He's not a stranger. Many in the Arab world gained respect for Mr. Mitchell following his report on the al- Aqsa Intifada, which broke out in 2000. The report on the conflict was viewed as balanced, placing the blame at the feet of leaders on both sides.
Hamas officials, however, say they are disappointed that Mitchell has no plans to meet with them on this trip, and say they won't be left out of the loop. Naturally, they say, any extension of the cease-fire depends on Hamas.
And that cease-fire was looking increasingly shaky on Tuesday after an incident in which one Israeli soldier and one Palestinian were killed. It started after an Israeli patrol along the border with Gaza was hit, probably by a roadside bomb.
Mitchell is in Cairo today and will be in Israel Wednesday. But there's some Arab dismay that Mitchell will not be seeing the worst of the 22-day war: He will almost definitely not be stopping in Gaza. No American official has been permitted to travel to the Gaza Strip since a convoy carrying senior US intelligence officials was attacked in 2003. A roadside bomb was also behind that attack.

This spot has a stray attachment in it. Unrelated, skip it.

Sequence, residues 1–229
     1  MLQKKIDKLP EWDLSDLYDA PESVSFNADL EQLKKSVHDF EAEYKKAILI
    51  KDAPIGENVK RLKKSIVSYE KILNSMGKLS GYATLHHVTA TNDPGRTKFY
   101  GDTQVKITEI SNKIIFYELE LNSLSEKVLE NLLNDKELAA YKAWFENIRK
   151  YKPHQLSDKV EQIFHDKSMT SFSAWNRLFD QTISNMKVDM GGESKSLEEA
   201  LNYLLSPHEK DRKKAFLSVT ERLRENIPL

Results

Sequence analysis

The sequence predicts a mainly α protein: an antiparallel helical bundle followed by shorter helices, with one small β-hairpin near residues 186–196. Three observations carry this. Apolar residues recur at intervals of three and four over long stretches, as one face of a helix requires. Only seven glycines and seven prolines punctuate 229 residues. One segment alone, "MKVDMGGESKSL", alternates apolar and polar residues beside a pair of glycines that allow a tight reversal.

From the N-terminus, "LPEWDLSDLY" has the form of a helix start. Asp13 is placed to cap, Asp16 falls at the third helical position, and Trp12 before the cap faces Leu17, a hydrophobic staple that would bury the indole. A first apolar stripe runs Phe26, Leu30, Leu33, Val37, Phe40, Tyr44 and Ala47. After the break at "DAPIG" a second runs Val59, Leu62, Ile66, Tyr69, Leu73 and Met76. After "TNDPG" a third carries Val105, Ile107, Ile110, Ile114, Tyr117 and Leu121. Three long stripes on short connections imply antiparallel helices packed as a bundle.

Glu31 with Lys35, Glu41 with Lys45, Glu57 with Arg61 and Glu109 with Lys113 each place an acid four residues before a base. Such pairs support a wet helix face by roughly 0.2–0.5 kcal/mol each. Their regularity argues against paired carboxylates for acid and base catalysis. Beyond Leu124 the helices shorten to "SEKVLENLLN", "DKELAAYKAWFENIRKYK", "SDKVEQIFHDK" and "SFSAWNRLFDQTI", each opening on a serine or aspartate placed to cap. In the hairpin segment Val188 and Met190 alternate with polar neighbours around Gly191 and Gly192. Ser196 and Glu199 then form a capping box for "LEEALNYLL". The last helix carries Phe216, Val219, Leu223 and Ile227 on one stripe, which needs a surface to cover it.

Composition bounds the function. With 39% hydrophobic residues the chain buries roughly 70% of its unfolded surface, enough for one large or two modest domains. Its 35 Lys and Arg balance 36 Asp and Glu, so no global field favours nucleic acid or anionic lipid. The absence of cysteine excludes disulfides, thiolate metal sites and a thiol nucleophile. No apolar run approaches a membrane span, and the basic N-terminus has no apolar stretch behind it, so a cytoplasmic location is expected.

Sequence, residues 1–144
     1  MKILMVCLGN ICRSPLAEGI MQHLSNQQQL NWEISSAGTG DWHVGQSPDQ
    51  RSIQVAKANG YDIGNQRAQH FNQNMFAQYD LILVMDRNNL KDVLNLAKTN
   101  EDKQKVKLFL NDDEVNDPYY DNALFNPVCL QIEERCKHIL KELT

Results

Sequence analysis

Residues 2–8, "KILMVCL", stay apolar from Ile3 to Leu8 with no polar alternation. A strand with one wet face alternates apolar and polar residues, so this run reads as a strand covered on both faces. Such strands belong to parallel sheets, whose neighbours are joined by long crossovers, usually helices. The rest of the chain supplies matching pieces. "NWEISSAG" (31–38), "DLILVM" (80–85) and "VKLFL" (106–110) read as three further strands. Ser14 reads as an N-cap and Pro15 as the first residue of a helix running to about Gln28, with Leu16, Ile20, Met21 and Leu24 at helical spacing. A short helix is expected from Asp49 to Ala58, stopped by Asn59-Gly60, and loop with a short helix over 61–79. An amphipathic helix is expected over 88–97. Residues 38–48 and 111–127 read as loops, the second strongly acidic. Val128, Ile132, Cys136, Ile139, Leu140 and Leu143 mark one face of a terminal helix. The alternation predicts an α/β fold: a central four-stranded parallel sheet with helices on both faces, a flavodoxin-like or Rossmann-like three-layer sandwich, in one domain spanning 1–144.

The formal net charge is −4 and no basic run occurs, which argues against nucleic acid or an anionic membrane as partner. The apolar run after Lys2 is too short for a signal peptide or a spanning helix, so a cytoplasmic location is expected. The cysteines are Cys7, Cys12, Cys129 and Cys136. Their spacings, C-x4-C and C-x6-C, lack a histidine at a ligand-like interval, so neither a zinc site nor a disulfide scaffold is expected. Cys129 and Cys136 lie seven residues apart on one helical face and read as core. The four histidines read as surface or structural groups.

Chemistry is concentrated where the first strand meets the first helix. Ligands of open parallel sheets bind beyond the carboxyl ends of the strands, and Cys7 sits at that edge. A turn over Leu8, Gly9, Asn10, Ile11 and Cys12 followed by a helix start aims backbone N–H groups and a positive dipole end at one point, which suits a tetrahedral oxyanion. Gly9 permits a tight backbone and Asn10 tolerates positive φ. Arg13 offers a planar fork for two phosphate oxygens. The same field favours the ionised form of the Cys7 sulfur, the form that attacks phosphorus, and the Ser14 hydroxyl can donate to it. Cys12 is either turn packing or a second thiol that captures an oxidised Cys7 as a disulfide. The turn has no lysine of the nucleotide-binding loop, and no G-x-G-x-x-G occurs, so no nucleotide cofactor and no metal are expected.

Mr. Obama gave Mitchell a boost this morning on Arab TV (click here for excerpts and video), saying that he has “enormous stature” as an international negotiator. “What I told him is, start by listening,” said Obama. “All too often, the US starts by dictating.”
There is a sense in many corners of the Arab world of "Let's give Obama a chance."
Mohammed Essam Derbala, one of the leaders of al-Gama'a al-Islamiya (The Islamic Group) in Egypt, has called on Osama bin Laden and Al Qaeda to declare a unilateral four-month cease-fire with the United States.
It's an appropriate nod toward Obama, Mr. Derbala indicated, following the new US president's pledge to turn a new page in America's relationship with the Muslim world and to close the Guantánamo Bay detention center, where the US has been holding enemy combatants from Muslim countries since 9/11.